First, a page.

Medora, Indiana is a once-booming community beset by a crippled economy and a dwindling population. This documentary follows the town's varsity basketball team over a season — as the team's struggle to compete parallels the town's fight for survival.
In Indiana, where life revolves around high school basketball, what happens to a community when their beloved team can no longer win a single game? "Medora" follows the down-but-not-out Medora Hornets varsity basketball team over the course of the 2011 season, capturing their stories both on and off the court. Riding a brutal losing streak when the film begins, the team’s struggle to compete bears eerie resemblance to the town’s fight for survival. An in-depth, deeply personal look at small town life, Medora is also a thrilling, underdog basketball story and an inspiring tale of a community refusing to give up hope despite the brutal odds stacked against them.
The filmmakers traveled to the tiny town after reading a 2009 New York Times story about the struggles of the basketball team. The next fall, with the blessing of Medora High School and the local community, Cohn and Rothbart began to document a year in the life of some of the players and coaches. The Hornets three coaches are all volunteers who hold down full-time jobs as a cop, a preacher and a stonecutter. Rusty Rogers, the six-foot, five-inch center, is virtually homeless due to his mother’s problems with alcohol, and lives with point guard Zach Fish in public housing. Shooting guard Dylan McSoley wonders whether he should reach out to his dad, a man he’s never met who lives in the next town over. Robby Armstrong, a farmer’s son, wants to be the first in his family to complete high school, while Chaz Cowles, arrested on a gun charge, does his best to stay out of trouble with the law.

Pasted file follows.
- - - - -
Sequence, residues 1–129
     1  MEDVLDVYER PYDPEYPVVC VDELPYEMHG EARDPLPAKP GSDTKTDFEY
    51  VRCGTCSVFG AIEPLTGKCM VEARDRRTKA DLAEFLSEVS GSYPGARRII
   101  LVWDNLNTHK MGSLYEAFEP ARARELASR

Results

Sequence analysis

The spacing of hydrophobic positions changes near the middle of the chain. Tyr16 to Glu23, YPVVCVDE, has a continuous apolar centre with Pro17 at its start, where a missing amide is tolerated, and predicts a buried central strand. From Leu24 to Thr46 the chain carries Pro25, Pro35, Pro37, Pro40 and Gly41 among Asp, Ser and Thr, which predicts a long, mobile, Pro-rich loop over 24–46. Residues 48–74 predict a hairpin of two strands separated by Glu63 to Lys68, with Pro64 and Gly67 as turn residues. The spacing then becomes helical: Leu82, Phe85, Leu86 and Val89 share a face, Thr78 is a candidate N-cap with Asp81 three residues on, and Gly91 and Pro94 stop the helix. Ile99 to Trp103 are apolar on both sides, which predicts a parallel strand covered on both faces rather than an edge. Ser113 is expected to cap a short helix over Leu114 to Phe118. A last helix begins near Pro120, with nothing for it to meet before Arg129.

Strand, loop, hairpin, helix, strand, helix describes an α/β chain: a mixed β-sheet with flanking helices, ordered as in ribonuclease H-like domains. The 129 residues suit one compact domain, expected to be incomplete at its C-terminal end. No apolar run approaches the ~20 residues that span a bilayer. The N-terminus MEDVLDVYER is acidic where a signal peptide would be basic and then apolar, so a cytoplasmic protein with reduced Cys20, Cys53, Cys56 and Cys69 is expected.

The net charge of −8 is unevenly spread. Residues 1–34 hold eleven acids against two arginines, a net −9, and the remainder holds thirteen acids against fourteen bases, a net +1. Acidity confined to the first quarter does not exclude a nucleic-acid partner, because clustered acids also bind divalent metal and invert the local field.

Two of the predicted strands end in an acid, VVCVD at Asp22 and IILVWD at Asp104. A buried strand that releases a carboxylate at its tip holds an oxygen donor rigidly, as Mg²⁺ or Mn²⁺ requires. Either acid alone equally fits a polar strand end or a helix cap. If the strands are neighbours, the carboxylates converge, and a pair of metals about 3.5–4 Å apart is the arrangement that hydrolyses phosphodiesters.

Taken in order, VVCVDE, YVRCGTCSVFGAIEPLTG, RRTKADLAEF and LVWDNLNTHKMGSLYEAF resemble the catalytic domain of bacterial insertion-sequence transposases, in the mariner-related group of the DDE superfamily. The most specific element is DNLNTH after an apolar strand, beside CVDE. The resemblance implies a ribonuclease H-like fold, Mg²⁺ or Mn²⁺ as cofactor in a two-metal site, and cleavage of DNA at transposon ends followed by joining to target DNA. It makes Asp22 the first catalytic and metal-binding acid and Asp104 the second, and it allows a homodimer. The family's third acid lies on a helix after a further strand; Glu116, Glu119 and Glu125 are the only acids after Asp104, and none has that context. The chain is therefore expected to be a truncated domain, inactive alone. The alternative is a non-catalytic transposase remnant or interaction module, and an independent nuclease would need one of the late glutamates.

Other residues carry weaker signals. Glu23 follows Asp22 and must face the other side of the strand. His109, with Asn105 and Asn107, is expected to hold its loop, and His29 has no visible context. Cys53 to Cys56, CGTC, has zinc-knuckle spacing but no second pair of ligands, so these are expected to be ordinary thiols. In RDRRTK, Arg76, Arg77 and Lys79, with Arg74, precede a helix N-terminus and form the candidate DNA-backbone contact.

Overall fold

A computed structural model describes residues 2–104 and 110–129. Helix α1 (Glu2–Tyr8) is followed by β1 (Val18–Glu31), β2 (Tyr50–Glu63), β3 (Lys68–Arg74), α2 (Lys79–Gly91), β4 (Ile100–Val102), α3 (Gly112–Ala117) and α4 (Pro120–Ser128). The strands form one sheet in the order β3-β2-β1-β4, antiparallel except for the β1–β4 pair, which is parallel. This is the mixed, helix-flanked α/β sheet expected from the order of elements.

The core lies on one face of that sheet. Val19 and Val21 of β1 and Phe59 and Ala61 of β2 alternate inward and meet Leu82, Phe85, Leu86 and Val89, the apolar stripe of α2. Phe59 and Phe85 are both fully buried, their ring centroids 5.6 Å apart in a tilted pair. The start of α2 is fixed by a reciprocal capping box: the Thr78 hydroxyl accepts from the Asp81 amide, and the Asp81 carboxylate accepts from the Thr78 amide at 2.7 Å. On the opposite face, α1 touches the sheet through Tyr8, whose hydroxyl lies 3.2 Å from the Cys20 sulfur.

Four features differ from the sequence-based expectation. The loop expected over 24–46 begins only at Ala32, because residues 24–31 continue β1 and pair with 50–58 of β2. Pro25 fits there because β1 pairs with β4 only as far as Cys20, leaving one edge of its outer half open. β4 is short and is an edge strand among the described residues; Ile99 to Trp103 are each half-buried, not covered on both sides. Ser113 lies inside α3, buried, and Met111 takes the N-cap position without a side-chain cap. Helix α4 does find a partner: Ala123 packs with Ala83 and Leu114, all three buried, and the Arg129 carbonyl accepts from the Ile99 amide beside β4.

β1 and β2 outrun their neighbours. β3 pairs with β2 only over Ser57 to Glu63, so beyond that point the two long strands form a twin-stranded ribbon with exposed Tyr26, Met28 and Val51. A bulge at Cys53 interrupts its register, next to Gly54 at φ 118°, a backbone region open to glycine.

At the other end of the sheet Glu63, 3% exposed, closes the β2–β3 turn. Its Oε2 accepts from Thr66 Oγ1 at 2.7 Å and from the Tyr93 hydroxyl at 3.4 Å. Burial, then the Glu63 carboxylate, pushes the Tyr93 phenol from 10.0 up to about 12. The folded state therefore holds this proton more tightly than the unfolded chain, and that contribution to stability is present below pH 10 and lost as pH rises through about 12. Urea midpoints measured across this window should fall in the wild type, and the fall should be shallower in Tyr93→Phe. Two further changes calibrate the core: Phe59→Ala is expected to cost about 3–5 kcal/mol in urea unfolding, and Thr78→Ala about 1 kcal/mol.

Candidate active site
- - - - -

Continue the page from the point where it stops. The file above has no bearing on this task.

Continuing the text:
Ultimately, "Medora" is a film about America, and the thousands of small towns across the country facing the same fight. As one resident observes, “Once we lose these small towns, we can’t get them back.”
Coffee and Conversation is free and open to the public. Each film screening at Lincoln's Mary Riepma Ross Theatre is followed by a community discussion in UNL’s Van Brunt Visitors Center.